The third track on their 1985 seminal fifth album Brothers in Arms, ‘Walk of Life’ uses a simple rock and roll rhythm with an intro riff played on a Hammond organ and synthesizer.
In what one suspects is an autobiographical song, the lyrics tell a story about a busker called Johnny, who is “down in the tunnels, trying to make it pay.” There’s no sign of Johnny in the video, though. Instead, sports bloopers were used for US audiences.
‘Walk Like an Egyptian’ by The Bangles
Songwriter Liam Sternberg got the idea for this song when he was on a ferry boat and saw people struggling to keep their balance. As they tried to keep their balance, they struck Egyptian poses, he observed.
He gave the song to the Bangles’ all-girl group, who were part of the eclectic Los Angeles Paisley Underground movement. The song became a massive hit for them in 1986, topping the US charts for four weeks and catapulting the band into the mainstream.
‘Walk On The Wild Side’ by Lou Reed
Former Velvet Underground frontman Lou Reed’s biggest hit, ‘Walk On The Wild Side,’ is about New York drag queens (Holly, Candy, Little Joe, Sugar Plum Fairy, and Jackie), which made it rather risqué at the time of release.
Reed said of the song: “I always thought it would be kind of fun to introduce people to characters they maybe hadn’t met before or hadn’t wanted to meet.”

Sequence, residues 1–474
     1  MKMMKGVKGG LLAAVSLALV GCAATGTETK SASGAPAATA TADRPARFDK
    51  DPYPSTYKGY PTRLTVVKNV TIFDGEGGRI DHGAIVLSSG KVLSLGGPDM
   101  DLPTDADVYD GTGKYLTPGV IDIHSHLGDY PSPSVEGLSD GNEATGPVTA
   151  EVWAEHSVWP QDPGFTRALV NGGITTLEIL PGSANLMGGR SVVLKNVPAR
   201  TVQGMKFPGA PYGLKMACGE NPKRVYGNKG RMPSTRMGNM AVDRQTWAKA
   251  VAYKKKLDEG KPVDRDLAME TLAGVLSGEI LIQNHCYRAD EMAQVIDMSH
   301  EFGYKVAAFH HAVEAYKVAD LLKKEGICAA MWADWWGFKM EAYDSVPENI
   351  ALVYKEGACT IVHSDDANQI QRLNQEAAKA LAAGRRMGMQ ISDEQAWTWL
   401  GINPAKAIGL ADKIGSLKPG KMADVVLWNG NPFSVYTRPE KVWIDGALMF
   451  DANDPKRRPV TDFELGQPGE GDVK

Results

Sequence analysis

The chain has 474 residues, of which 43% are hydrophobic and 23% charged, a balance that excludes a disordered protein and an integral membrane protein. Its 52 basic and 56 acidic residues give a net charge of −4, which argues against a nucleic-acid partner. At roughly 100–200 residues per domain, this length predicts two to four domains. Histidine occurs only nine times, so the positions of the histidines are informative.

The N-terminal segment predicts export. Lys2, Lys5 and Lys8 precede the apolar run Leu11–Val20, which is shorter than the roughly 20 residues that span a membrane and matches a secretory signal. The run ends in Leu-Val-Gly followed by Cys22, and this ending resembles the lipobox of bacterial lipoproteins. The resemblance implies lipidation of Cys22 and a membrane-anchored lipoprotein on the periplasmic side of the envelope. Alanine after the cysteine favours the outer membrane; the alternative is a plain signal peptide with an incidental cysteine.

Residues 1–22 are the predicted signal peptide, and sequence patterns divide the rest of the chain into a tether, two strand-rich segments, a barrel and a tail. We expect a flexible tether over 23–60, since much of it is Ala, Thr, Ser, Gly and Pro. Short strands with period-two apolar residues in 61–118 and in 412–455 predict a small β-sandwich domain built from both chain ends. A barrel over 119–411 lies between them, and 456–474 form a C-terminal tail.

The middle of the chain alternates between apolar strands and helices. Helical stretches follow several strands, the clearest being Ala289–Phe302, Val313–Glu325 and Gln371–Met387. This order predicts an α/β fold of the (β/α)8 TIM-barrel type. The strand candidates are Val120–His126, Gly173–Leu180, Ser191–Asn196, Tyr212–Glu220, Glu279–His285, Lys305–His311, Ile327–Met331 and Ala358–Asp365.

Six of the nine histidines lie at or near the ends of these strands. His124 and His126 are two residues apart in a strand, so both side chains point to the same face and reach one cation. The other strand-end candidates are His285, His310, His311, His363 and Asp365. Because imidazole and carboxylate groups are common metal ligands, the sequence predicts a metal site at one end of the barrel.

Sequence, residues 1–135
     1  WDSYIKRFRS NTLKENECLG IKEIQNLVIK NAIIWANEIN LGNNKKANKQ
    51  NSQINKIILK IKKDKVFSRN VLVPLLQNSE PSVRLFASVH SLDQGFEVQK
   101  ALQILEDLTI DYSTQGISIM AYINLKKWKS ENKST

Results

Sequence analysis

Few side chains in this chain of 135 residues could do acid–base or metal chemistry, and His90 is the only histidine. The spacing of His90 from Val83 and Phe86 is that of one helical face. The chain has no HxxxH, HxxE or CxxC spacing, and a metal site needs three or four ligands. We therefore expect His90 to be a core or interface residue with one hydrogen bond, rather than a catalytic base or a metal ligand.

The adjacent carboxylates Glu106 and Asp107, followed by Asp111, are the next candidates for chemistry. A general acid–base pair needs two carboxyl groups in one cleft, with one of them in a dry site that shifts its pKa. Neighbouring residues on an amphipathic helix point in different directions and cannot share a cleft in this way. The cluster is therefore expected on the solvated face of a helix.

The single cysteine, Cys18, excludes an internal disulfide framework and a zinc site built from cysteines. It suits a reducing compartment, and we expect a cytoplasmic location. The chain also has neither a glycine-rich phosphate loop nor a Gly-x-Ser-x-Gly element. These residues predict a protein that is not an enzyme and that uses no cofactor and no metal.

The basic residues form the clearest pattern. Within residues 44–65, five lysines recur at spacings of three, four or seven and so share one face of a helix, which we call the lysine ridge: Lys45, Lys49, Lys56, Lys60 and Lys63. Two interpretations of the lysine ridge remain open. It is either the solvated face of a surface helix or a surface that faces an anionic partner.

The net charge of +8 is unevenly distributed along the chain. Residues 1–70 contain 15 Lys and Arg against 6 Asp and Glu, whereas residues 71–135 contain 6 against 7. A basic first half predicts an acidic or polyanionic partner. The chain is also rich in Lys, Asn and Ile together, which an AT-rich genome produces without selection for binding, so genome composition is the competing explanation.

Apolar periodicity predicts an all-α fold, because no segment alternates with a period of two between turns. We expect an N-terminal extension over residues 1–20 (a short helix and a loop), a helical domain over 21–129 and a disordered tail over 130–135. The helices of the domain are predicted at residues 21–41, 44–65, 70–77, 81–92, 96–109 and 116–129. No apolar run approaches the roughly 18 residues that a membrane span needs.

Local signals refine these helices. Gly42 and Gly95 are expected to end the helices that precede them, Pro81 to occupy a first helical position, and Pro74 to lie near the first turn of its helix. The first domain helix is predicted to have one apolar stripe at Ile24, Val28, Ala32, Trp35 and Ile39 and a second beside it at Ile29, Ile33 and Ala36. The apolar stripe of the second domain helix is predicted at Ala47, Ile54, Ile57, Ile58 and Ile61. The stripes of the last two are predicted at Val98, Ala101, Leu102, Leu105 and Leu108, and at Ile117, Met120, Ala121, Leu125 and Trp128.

‘Walking On Broken Glass’ by Annie Lennox
Written and performed by Scottish singer and former frontwoman of Eurythmics Annie Lennox, this single appeared on her 1992 album Diva.
The words are about a woman who is messed up about the breakup of a relationship, so much that it feels like “walking on broken glass.”
‘I Can’t Dance’ by Phil Collins
‘I Can’t Dance’ was supposed to be a send-up of ‘skin deep’ male models who can’t do anything except walk down the catwalk.
“I can’t dance, I can’t talk / Only thing about me is the way I walk.”
A frustrated Collins told Rolling Stone magazine that the audience didn’t quite get the song’s gist. “‘What does he mean that he can’t dance?’ They didn’t see the humor,” he said.
‘I Walk the Line’ by Johnny Cash
‘I Walk the Line’ is about staying loyal. Cash promised to remain faithful to his first wife, Vivian Liberto, while on the road (they married in 1954 when he was only 22 years old).
“I find it very, very easy to be true / I find myself alone when each day is through.”